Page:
1786 National Ave.
A dude in a baseball cap, wife-beater T-shirt, thick silver chain and baggy jeans climbed out of a banged-up little Japanese car. He left the windows rolled down and the radio blasting, a throbbing bass shaking the room. He looked around for a few minutes, and then glanced in the doorway. I nodded, one stereotype to another.
"Hey man, didn't we work together in Trading Places?"
I saw an M&M-sized hole in the window, just above my head, and immediately thought, "bullet hole," and then chastised myself for being such a naïve little suburban milquetoast.
I looked closer: it really did look like a bullet hole. At least, what I thought a bullet hole might look like.
The dusty, one-room restaurant on National Avenue was clean by virtue of sparseness, with no food visible, anywhere. A sign on the counter, "No credit. Please don't ask," suggested that regulars would surely get a tab if they asked long and hard enough. More customers trickled in, looking like they had stepped off a Gaslamp brochure. The only Mexican faces were behind the counter, where husband and wife-brother and sister? father and daughter?-darted between an oversized grill with a solid black top, an old stove, a kitchen table and a big empty cooler announcing, "El Porvenir, since 1919."
The no-frills menu hanging from the ceiling said 1918. The menu also disagreed with itself, listing chorizo and eggs (no price), chorizo and huevos for $1.75, and chorizo and huevos for $5. (Alas, they were out of chorizo, stymieing my attempt to distinguish between the three.) Besides chiles relleño, machaca, carne con chile, carnitas, burritos and tamales, they also offered flour and corn tortillas by the dozen ($1.75 and 75 cents, respectively). Plates came with rice and beans. But when I ordered burritos a la carte, for half the price, they asked if I wanted rice and beans anyway.
When I was done ordering, the cashier-cook-owner said, "Ten dollars."
I repeated my order-pork tamale, a chile relleño, a carnitas burrito, a carne con chile burrito and a bottle of water-and had him check his math.
"Ten dollars," he repeated.
I swallowed the urge to offer to pay for a new window. Instead, I slipped $5 into the tip jar. He pulled a foil-covered pot from under the stove.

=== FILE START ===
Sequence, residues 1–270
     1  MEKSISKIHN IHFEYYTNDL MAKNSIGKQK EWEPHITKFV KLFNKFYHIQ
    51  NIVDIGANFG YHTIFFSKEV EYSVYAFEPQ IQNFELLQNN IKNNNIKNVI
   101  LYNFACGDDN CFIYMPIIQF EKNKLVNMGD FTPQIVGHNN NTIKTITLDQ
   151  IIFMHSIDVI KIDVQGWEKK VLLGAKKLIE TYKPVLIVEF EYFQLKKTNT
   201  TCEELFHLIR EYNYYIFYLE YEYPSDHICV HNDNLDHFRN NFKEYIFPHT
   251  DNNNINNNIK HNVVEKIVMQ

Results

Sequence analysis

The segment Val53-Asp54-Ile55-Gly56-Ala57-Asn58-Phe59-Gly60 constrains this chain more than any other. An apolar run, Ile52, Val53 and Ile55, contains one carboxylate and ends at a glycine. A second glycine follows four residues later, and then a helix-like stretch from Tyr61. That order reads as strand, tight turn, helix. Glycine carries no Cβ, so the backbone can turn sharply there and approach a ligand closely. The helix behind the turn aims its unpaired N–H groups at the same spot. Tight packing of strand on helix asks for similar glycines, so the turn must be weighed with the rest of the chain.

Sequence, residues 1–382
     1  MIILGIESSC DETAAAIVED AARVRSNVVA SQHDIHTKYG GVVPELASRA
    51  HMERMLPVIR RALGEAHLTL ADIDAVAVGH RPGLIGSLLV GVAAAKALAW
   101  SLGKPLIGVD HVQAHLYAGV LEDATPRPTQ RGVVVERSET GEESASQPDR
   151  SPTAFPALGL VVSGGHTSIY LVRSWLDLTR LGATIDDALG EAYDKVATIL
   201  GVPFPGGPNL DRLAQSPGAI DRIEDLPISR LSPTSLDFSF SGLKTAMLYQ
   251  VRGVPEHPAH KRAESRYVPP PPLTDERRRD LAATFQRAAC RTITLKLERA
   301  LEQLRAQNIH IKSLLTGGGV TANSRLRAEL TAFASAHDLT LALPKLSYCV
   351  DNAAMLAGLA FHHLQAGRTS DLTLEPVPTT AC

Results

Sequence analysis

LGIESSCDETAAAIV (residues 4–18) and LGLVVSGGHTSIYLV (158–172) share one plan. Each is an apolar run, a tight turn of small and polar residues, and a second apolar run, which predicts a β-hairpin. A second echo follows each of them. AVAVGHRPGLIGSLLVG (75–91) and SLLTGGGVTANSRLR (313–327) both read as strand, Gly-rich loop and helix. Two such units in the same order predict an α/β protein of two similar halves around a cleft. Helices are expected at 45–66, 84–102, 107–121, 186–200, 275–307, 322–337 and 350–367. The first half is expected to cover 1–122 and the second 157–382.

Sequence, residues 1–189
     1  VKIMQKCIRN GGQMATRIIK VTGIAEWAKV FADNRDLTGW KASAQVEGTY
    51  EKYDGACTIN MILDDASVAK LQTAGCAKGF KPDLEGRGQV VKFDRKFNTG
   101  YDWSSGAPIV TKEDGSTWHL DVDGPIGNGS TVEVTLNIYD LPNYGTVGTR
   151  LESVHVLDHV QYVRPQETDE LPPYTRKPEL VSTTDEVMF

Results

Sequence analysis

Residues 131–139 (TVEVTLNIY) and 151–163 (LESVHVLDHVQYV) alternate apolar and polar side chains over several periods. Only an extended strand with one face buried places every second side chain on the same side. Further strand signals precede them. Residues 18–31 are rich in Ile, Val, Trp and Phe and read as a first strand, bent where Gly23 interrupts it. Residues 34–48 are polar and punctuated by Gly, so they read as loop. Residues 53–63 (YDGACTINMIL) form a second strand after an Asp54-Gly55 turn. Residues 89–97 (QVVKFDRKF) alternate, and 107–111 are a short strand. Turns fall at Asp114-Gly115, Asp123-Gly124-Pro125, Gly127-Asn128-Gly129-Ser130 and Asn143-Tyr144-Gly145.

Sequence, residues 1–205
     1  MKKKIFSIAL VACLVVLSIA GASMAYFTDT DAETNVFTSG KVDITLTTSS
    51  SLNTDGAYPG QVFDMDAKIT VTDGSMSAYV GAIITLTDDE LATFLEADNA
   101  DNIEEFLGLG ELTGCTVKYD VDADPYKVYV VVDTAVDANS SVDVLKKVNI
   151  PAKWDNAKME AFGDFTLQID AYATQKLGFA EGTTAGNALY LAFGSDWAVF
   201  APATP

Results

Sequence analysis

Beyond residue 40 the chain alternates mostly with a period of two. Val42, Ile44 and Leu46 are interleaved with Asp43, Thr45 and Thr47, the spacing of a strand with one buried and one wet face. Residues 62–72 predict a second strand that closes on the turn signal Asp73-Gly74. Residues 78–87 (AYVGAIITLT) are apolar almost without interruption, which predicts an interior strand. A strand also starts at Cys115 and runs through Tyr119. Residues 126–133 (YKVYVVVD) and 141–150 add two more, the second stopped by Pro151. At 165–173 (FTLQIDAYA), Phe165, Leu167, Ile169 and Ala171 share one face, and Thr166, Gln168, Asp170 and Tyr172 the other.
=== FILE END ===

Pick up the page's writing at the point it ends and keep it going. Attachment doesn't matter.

"Only one more," he smiled, and pulled out a stubby pork tamale. Using scissors, he snipped off the ends and carefully husked the tamale, draping it in a dark red chipotle salsa. I ate it with my hands as I stood at the counter waiting for the rest of my order. He retrieved a clump of carnitas from one foil-covered pot, and a pile of carne asada from another, as she warmed tortillas. The burritos are not enormous, as with some other chains. But they are also bargain priced, at $2.00 to $2.75.
I brought my red plastic baskets to one of the three booths, and slid into the kind of bright orange plastic benches that you usually see in public-transportation projects. The chile relleño became an even guiltier pleasure than usual, wrapped in rice and beans and a fresh, dusty tortilla, but made palatable by the thin breading and the sweetness of the roasted pepper. Then I unwrapped the carnitas burrito, the apex of my meal-and, perhaps, my carnivorous life. A pile of impossibly tender meat, combined with rich refried beans, dripped grease into the tortilla and onto the plate. The bullet hole behind me, salsa dripping down my chin, I devoured one after another, only occasionally coming up for air.
The smoldering carne con chile burrito lit a shot-of-hooch burning in my stomach (I mean this in a good way-nay, the best way). Hours after my lunch, the feeling still brought a huge smile to my face. El Porvenir's food is like a jalapeño-flavored ever-lasting gobstopper. Were I not such an incorrigible glutton, I probably could have survived for a week on the feeling of satisfaction from one of my three burritos. As I write this days later, my hunger has still not returned to pre-Porvenir levels (again, a compliment).
I would say I walked out of El Porvenir happy, but "stunned," "elated," "gloriously bloated" or "ecstatically spent" come closer to the truth. I waddled to my car, all but nodded off on the way home and crawled into bed. I took a long siesta, dreaming, as always, of cheap burritos and gunfights. ©
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